Shot in the Dark notes that the Tet Offensive, that legendary rallying cry still heard today, began thirty-eight years ago yesterday. And writes:
More subtly and insidious, though, was the media’s intrusion into one of the most famous images of the war, the extemoraneous execution of Nguyen Van Lem by a South Vietnamese general, Nguyen Ngoc Loan (no relation). If you are an American who’s not been under a rock for two generations, you’ve seen the photo:
…and probably also seen the footage of the same event from nearly the same angle, shot by an NBC cameraman.
When the media reminds you of the benefits of the major media’s layers of gatekeeping and their monastic commitment to telling the truth, it’s worthwhile to remember the story of the shooting. Of all the media that covered the story, only the Associated Press mentioned that Lem was the leader of a Viet Cong assassination unit that had just murdered 34 civilians – including women and children – that had been found in a nearby ditch. None mentioned that there were reports General Loan’s family were reported among the dead of that day.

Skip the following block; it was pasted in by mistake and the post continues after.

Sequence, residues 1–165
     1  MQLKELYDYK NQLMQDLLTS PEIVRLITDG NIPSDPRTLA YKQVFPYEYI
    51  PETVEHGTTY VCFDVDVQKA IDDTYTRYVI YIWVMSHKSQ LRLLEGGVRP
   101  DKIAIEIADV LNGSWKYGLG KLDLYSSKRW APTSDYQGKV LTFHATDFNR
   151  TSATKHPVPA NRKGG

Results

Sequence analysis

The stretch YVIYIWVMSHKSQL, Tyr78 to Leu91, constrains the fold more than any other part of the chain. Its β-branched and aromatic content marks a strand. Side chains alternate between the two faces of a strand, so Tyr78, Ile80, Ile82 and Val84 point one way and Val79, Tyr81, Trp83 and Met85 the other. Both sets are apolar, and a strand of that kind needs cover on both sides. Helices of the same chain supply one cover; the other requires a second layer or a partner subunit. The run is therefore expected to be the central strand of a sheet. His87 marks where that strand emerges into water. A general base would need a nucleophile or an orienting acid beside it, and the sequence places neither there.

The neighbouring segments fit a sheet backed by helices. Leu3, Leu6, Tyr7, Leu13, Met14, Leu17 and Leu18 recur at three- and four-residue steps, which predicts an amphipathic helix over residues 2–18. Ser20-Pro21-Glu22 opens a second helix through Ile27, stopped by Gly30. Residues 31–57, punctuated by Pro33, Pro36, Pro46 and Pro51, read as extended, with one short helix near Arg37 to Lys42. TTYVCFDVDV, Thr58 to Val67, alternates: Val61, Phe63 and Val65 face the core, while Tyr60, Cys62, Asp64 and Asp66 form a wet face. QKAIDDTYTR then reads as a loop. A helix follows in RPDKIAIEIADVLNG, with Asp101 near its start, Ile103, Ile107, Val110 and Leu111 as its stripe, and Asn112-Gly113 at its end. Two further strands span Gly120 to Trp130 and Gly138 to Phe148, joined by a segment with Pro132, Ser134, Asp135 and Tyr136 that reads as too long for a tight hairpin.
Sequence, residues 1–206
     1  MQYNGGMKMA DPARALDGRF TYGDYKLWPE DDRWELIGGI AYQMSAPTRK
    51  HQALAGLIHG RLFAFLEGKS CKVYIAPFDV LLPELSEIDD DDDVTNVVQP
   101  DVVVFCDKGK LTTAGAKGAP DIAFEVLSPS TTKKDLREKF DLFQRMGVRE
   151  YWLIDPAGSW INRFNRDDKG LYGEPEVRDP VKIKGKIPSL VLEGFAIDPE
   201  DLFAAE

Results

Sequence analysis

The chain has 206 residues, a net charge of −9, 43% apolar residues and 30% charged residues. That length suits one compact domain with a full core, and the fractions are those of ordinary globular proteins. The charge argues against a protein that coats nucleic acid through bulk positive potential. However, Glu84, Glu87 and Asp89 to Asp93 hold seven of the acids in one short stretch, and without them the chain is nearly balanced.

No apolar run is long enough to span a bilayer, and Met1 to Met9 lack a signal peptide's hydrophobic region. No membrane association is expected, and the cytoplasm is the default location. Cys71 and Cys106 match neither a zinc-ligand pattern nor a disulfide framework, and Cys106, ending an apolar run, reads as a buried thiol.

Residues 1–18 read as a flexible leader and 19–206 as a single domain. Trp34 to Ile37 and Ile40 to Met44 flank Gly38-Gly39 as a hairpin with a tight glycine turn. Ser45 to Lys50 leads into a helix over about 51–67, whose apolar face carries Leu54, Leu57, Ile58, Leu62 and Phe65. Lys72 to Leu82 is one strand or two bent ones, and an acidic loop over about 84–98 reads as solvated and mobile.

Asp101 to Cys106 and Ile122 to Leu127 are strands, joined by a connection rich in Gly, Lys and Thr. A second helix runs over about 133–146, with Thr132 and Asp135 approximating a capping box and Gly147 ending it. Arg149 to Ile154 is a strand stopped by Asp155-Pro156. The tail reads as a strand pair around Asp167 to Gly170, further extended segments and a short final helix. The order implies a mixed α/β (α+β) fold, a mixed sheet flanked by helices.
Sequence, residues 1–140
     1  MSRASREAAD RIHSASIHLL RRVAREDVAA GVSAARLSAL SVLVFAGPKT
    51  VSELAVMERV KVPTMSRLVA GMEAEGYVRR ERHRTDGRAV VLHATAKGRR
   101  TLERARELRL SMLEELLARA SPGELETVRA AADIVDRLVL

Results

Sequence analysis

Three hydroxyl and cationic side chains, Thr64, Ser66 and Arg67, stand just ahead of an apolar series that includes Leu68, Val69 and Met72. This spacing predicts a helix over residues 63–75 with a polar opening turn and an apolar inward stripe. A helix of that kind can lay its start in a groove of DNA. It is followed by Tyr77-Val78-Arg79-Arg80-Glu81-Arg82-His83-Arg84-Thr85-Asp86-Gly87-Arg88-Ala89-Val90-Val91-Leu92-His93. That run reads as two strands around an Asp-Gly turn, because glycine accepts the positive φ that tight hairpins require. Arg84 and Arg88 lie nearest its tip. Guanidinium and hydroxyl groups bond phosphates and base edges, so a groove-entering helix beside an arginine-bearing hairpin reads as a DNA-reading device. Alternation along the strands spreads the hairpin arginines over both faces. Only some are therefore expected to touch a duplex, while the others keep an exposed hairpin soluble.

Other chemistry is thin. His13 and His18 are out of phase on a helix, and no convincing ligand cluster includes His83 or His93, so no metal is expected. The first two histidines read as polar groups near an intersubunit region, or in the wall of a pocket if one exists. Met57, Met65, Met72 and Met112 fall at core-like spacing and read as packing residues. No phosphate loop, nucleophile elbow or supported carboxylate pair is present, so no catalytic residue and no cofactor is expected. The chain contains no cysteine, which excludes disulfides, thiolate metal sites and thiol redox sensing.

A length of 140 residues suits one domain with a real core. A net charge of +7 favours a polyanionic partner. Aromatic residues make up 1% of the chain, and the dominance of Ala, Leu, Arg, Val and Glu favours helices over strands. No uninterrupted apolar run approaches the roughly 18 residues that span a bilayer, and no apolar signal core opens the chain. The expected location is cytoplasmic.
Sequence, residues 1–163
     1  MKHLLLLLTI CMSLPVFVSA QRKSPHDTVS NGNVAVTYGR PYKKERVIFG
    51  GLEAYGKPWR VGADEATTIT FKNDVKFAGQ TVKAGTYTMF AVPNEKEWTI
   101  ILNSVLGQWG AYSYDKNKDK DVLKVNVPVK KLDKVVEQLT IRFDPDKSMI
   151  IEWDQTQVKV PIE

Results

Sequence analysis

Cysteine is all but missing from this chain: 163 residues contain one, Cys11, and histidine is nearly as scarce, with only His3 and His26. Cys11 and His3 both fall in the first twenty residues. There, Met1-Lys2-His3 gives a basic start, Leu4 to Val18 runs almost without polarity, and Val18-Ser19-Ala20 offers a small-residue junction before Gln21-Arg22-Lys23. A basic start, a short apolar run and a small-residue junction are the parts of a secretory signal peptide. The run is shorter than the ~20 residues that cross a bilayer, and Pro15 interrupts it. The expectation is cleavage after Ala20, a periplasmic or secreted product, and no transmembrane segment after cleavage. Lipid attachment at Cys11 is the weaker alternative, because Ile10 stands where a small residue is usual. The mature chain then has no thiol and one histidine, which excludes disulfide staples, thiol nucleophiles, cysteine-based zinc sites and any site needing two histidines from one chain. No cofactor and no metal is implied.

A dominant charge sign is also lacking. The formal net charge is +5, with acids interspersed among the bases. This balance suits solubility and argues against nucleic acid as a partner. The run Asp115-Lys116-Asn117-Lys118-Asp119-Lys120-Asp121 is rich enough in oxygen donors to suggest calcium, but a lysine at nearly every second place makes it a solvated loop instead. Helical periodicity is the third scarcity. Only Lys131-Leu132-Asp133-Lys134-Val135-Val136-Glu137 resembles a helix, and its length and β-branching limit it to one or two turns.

But did they show the silent footage (there was no audio man along for the shoot)?
No – NBC news added a gunshot when they broadcast the event on their evening news.
I’ve said it before, and I’ll say it again. One man’s Tet is another man’s Bulge. It’s all in the eye of the beholder, and don’t make the mistake of believing that YOU are the beholder. We are usually beholders not of events but of reports, and students not of history but of interpretations.